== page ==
Re: Schema fragments for everyday stuff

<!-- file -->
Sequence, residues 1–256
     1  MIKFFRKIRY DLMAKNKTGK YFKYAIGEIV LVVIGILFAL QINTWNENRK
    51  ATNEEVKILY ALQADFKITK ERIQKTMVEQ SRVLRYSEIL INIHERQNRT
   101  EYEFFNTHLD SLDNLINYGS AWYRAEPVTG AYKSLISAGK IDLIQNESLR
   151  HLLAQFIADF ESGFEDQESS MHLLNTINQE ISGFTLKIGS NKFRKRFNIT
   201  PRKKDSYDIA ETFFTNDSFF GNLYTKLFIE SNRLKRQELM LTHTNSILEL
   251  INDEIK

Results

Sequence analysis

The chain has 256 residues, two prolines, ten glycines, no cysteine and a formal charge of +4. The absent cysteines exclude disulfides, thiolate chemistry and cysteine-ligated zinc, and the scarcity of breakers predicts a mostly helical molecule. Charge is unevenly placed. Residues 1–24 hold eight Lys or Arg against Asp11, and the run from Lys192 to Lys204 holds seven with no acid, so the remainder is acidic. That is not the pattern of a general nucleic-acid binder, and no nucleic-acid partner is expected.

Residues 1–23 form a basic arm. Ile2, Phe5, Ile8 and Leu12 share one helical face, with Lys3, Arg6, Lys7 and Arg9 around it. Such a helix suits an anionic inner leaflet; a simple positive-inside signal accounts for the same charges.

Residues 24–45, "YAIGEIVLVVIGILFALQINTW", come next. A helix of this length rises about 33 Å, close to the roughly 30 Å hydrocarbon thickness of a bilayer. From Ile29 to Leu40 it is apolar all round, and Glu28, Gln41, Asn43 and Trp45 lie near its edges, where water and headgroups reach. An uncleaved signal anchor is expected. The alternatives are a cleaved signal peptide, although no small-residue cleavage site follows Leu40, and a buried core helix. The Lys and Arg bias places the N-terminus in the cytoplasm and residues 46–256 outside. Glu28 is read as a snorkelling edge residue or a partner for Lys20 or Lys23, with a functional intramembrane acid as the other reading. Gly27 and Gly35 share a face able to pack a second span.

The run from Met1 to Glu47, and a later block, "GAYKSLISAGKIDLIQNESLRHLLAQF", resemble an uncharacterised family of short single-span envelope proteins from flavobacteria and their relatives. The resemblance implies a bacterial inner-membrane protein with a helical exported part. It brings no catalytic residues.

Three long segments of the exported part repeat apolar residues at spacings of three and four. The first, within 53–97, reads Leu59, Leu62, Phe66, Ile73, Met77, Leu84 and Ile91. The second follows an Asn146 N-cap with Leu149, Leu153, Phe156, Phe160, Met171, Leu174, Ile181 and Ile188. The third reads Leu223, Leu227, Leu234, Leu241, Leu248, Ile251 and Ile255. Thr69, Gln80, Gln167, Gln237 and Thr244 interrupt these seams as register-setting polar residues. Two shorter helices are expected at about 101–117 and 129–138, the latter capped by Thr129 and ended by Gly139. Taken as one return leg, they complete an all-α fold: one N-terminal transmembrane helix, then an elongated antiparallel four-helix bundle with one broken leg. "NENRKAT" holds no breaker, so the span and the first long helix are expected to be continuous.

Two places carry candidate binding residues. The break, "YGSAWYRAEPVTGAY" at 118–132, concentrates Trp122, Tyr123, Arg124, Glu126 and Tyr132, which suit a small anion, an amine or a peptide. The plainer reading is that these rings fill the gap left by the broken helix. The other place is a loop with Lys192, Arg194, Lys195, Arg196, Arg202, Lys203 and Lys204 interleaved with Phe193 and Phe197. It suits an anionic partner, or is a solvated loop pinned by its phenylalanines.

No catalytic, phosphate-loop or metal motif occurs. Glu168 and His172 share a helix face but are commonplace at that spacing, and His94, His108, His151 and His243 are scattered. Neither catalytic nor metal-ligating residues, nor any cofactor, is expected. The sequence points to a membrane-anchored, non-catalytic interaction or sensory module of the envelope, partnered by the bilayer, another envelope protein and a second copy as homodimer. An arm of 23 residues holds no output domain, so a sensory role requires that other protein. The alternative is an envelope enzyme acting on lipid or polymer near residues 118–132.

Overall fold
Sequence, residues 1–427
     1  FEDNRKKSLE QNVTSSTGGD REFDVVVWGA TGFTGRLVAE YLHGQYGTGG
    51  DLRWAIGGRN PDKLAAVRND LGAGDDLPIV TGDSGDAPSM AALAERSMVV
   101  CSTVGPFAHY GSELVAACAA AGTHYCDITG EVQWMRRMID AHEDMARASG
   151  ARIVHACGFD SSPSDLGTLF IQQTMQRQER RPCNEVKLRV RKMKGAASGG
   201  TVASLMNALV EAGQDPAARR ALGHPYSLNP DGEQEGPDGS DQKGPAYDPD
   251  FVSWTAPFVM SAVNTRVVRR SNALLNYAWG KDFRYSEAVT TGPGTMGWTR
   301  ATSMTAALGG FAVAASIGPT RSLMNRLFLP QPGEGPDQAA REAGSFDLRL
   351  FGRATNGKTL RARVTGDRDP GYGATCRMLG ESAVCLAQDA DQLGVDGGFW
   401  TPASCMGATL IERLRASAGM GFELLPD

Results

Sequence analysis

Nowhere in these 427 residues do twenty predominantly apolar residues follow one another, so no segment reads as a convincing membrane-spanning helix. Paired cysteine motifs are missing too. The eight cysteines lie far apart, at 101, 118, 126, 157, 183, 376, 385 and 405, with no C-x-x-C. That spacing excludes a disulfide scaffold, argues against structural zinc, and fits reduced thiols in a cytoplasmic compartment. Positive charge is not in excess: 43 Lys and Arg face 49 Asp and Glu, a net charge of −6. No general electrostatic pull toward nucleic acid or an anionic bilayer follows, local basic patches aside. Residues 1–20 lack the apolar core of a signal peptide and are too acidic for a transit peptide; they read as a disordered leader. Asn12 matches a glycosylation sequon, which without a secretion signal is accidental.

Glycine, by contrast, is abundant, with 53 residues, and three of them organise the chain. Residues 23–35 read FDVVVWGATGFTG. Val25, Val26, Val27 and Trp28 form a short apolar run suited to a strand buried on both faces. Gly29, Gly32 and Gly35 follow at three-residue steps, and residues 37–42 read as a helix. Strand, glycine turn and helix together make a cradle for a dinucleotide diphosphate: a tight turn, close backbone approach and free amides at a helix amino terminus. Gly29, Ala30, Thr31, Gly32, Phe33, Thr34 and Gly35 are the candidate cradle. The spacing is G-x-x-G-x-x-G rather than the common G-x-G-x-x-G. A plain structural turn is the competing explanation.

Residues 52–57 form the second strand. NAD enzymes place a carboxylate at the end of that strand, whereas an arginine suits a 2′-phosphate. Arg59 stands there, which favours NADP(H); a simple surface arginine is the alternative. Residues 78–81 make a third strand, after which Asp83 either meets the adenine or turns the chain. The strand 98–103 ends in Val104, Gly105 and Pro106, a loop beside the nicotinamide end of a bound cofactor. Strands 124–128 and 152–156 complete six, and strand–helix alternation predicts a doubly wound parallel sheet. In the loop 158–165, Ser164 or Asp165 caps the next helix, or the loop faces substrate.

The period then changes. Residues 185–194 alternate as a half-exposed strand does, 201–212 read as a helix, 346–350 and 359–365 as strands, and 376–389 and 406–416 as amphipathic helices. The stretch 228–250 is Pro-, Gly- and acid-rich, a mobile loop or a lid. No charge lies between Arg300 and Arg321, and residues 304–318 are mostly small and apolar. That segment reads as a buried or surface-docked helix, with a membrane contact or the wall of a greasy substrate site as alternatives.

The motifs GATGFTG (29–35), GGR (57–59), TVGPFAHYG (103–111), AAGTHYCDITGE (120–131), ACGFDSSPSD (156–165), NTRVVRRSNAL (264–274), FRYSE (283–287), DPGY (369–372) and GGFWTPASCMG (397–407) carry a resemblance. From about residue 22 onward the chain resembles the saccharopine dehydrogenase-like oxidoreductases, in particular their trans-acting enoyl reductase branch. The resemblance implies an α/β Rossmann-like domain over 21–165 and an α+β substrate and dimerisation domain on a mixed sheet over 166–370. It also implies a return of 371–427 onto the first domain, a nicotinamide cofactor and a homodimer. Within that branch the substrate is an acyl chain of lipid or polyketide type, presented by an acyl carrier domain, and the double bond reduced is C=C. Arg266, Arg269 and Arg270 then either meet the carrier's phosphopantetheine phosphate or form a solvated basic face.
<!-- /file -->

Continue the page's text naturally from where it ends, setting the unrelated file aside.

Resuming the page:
Bullard, Claude L (Len) wrote: >Precisely. And there are the aliases as well. And >is Smith, John J. (1) born on Aug. 12 1954 the same as >Smith, John J. (2) born on Aug 12, 1954 and are either >of them lieing about that. > > Oh, those are just the well known problems with names as identifiers :-) Apparently there are names used by several ?South American? tribes, which have components which are only to be shared with family members etc. -- hence the need for a <given confidentiality="foo">Fribbet</given> attribute. Names and birthdates are not always good unique identifiers, particularly when you can easily have *multiple* John Smiths on the same patient floor etc. which is why hospitals use their own unique IDs -- social security numbers are not entirely without problems, in two situations: 1) SSNs are *reused*, ostensibly when people die, but nonetheless. 2) Illegal immigrants often "borrow" a SSN from a relative. Not great when they don't also share the same medical conditions, allergies, medications etc. In cases where it is really important to know who we are dealing with, we attach a photo to the chart. But I digress... In any case to deal with aliases in specific is why I have the "type" attribute on the <person.name> element. e.g. <patient> <person.name> <given>John</given> <given>William</given> <family>Smith</family> <suffix>Jr.</suffix> </person.name> <person.name type="alias"> <given>Jimmie</given> <family>Buffet</family> </person.name> <id authority="U.S. Social Security Administration" type="SSN">111-22-3333</id> ... </patient> In any case, that is perhaps more detail than needed for many applications, but for me its everyday stuff :-) Jonathan
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